Spieth is not the same type of personality as Kuch and Miguel, but he is honest, like-able, inspiring, and many more worthy adjectives. Spieth is part of the new breed of golfer that seems to have chosen golf over other sports like baseball and football. Thus, he brings an un-orthodox emotion to the golf course…similar to the likes of ugh, cough- Tiger Woods or Rory Mcilroy.

What is bothersome is the reaction the media gave towards the 20 year old, and his emotion during the final round. There were many critics of his behavior who posted negative response to how Jordan handled the pressure- the pressure of trying to win The Masters at age 20, in front of the world, on a golf course that can make even the greatest champions look like 7 handicaps. Jordan Spieth is a new breed of golfer- Athletic, highly competitive, highly driven. Just like a 20 year old NFL Rookie, Jordan will have to learn how to handle the pressure and throttle his emotions so that there will be no negative effect. But to criticize him as so many did, is just unfair. It is nice to see honest emotion and passion because it shows how much it means. He did not curse, or violently throw his club into Ike’s Pond…so let us cut him slack and allow him to mature at a more reasonable pace…the kid is going to be a staple point in championship golf for years to come.

Stacey Lewis Captures Women’s Open Championship by Not Forcing the Issue

Stacey Lewis captured her second major championship at the Ricoh Women’s British Open by executing clutch shots on the final two holes at one of the toughest finishes in golf. The final two holes at St. Andrews have provided some of the most dramatic finishes championship golf has ever seen. The 17th and 18th holes are very different in their challenges and require the player to make decisions when confronted with many options.

Stacey showed her resolve by executing the best possible shots over the closing stretch. Knowing she needed a solid finish to post a total that could land her the championship, she set out on thirty minutes of golf that she will never forget. After placing her tee shot in the fairway on the difficult 17th, Lewis was faced with many options as well as perils on her second shot, which many consider one of the toughest shots in golf. Lewis pulled a 5-iron and fired a shot into the 30 mph Scottish winds that landed short of the green and skirted past the treacherous road hole bunker and rolled to within five feet of the hole. She knocked the birdie putt in and strolled to the 18th with a chance to apply more pressure on her competitors.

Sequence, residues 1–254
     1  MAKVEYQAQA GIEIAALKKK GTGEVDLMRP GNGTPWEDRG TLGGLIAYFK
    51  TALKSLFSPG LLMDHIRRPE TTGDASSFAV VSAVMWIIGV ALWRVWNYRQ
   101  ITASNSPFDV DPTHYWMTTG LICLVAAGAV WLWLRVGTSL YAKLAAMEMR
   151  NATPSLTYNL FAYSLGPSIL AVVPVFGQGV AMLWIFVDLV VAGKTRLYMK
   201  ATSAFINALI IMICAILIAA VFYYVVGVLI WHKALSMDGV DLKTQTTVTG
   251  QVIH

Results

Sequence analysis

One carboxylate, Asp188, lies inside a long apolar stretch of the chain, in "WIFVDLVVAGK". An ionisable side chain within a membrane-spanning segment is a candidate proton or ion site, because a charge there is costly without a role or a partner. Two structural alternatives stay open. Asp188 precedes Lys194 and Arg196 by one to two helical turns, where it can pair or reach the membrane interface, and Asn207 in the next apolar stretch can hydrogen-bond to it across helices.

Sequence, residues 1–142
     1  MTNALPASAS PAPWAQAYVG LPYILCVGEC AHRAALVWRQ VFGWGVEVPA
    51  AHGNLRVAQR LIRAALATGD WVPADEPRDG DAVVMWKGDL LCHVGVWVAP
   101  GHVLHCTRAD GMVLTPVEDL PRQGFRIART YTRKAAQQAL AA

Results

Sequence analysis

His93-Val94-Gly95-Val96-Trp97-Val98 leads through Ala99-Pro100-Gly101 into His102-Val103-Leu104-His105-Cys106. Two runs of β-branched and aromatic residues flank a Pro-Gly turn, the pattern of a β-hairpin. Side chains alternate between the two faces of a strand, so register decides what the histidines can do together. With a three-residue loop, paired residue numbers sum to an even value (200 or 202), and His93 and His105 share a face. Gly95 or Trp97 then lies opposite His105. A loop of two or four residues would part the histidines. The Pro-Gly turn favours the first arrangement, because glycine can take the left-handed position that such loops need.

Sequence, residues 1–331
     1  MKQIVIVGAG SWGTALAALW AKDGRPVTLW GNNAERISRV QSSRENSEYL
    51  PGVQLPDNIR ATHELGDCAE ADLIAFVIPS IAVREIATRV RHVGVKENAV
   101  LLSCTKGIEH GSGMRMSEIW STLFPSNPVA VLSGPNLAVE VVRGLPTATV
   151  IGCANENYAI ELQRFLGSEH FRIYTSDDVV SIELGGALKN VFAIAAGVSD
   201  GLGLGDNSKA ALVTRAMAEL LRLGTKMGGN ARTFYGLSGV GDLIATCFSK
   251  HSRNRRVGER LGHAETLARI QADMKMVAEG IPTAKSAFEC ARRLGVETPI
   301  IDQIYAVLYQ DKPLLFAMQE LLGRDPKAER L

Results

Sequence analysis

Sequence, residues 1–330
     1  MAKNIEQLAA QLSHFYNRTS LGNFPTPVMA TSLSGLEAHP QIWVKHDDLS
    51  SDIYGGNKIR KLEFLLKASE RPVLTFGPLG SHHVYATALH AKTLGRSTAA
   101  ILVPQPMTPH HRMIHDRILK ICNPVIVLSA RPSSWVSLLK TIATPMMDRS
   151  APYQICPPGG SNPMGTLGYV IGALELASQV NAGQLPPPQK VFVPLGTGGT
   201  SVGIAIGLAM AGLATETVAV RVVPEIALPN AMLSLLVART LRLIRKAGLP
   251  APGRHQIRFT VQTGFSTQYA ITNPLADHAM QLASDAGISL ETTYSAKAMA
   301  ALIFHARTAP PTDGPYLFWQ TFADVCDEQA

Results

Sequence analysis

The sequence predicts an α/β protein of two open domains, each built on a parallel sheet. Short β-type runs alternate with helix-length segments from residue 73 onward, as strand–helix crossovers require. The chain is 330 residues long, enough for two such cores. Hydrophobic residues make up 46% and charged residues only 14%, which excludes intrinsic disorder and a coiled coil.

On the 18th, Lewis found herself 40 yards short of the green after her drive and weighed her options on the approach shot. The pin was located a few paces past the deep false edge called “The Valley of Sin”, and she was between pitching over the deep ravine or putting through it. Lewis made the informed decision and putted the ball over the rolling grounds to about 20 feet past the hole. She promptly rolled the 20 footer in for birdie and essentially sealed the championship.

Stacey Lewis showed resounding poise over the final two holes when many of her competitors did not. Na Yeon Choi held a three shot lead with only six holes to go. In contrast to Lewis, Choi chose to play shots that seemed to be forced under the circumstances. Trailing by one with two holes to play, and Stacey Lewis in the clubhouse, Choi chose to go right at the flag on 17 and landed the ball a few paces short of the pin and watched it release through the green into a difficult spot. She went on to make bogey from the back of the green and end all realistic chances of winning.

Morgan Pressel also found her championship hopes unbound by overly aggressive play on the 17th. Needing two birdies for a chance to post the lead before Lewis, Pressel made an aggressive play much like Choi and suffered a similar result. Her shot was right at the flagstick but landed just a few feet from the pin and went over the green on to the gravel path. She was left with a poor lie and made a great bogey but was eliminated from victory.

Stacey Lewis captured her second major championship with a disciplined mindset and played within her game while her competitor’s forced the issue. Lewis accepted what the golf course was giving her and was able to execute shots that fit the situation. Most champions are crowned because they are able to stay within the moment when others do not. Anyone who plays competitive golf can take something from Lewis’ performance.